For instance, the average salary says little about the situation on the labour market; therefore, the analysis of the median and the dominant in earnings is also important. Therefore, in the case of macroeconomics, it is necessary to take into account not only the level of wealth but also how it is being distributed, particularly checking whether there are glaring income inequalities.
The RDI ranking may inspire optimism, as in this regard the leaders are not only rich countries, but also those enjoying the fairest distribution of prosperity, i.e. Sweden, Denmark, Norway and Finland. Apart from non-wage and climatic factors, these countries are examples of how false the dichotomy of wealth versus (relative) equality, formerly more widely accepted, really is – you can have both. It is therefore worth taking inspiration from these countries (as well as from Czechs and Slovaks who are in the forefront in terms of the Gini coefficient!), which is important for public policy, for example, in terms of a progressive tax system or social solidarity programmes.
Even in very solidarity-oriented states, however, there are fundamental economic differences between citizens. Therefore, contemporary economic development cannot neglect the quality of public services, which are crucial for the well-being of lower and middle-class citizens.
The quality of public services is indirectly reflected, for example, by the average life expectancy, which allows assessing the functioning of the health service and, as in the case of the distribution of welfare, even the best health protection will not improve this indicator if it is not available to ordinary citizens. In a way, these statistics and the number of intentional murders per capita also reveal the issue of security (including the efficiency of the police) as well as the quality of the legal and institutional structure. Expenditure on education partially shows (also indirectly) the quality of education, including universal education. Of course, the factors in question represent not only the condition of various public services and should not be considered exclusively in this context. After all, they are informative in themselves and in conjunction with others. Life expectancy is also an issue of medical technology and its availability, but in the case of a large share of countries, it is linked to the availability of basic products and services: vaccines, drugs, medical infrastructure, doctors (and their training opportunities), and air quality. All these elements can certainly be considered indicators of the country’s development level, but they are not purely economic – macroeconomic indicators may overlook them.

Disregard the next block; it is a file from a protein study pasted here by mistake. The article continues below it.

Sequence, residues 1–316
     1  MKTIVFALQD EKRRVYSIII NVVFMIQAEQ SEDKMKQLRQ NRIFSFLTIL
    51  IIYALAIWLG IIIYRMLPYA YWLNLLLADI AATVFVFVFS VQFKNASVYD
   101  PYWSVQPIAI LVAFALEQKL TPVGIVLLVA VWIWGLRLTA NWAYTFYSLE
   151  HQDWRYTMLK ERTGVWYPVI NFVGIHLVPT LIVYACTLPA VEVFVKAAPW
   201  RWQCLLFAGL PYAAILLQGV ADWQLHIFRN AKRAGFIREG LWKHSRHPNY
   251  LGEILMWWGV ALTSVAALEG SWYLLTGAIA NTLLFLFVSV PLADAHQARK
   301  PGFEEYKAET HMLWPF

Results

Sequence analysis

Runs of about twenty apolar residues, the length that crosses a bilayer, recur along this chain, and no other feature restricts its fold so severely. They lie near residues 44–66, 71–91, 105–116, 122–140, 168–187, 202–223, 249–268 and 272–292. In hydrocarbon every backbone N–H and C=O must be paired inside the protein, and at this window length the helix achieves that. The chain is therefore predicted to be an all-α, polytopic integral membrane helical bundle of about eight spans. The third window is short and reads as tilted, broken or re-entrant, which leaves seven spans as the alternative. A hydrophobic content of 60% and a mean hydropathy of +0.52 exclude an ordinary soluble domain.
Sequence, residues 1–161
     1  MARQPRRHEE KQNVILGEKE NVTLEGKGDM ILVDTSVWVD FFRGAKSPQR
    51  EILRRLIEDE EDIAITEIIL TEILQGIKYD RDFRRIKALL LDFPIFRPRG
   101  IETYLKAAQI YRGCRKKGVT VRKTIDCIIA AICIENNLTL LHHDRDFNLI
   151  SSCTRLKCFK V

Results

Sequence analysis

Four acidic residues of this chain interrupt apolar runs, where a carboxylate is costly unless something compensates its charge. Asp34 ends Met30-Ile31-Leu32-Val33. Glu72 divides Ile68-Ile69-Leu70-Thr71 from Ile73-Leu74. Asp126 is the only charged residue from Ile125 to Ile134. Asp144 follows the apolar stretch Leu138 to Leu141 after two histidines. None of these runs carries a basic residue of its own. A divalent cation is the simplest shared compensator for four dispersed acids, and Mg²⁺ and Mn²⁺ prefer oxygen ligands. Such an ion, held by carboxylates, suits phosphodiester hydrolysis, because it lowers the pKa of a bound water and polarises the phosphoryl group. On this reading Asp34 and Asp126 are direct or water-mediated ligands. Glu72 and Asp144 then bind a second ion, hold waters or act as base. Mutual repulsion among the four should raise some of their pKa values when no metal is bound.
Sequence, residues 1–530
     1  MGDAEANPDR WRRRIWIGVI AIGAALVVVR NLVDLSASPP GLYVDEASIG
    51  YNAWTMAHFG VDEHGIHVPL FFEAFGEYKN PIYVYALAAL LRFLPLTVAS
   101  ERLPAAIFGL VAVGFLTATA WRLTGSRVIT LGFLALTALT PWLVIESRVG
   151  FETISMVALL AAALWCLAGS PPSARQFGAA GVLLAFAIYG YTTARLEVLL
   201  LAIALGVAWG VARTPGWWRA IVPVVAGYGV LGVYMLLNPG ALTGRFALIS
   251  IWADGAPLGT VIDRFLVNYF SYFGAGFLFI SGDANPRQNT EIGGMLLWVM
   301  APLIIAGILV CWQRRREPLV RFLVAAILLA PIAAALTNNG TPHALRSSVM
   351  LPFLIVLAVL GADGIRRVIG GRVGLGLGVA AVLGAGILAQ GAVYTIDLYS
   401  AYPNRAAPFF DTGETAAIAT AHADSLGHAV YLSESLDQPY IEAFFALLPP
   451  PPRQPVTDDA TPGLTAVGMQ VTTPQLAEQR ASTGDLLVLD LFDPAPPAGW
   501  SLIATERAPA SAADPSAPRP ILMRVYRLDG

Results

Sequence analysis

Public services related to health and economic inequalities combine in a particularly dangerous mix in the US. It is a country with the highest consumption per capita but, at the same time, one with enormous inequality, with unconvincing results in terms of safety and life expectancy (as well as CO2 emissions). The authors of the PEI report devoted an additional chapter to the United States in the context of the protests that broke out after the murder of George Floyd by a white police officer.
The United States used to be an unwavering economic power, a symbol of wealth and, well, development. Today, the current situation in the USA is a reality check. The protests in the United States also have an economic basis, which cannot be ignored.
The authors write in the report: „Ethnic minorities in the United States are characterised by a relatively high unemployment rate and low income and wealth. […] The wealth inequalities between ethnic groups in the United States are overwhelming. The median wealth (total assets less total liabilities) of African-American households is approximately $ 3,600, $ 6,600 for Latin American households, while for white households it is over $ 145,000”. Such inequalities, combined with the lack of universal health care in a pandemic translate into a greater risk not so much of getting COVID-19 (the death rate from this virus is „only” twice as high for black people as compared to whites in the US), but of bankruptcy as a result of treatment among minorities. Despite these problems, the US still ranks among the top ten most developed nations, largely due to its high current consumption, good air quality and a high score as regards its ability to create future prosperity. Therefore, it seems crucial for the US to find a better balance of development.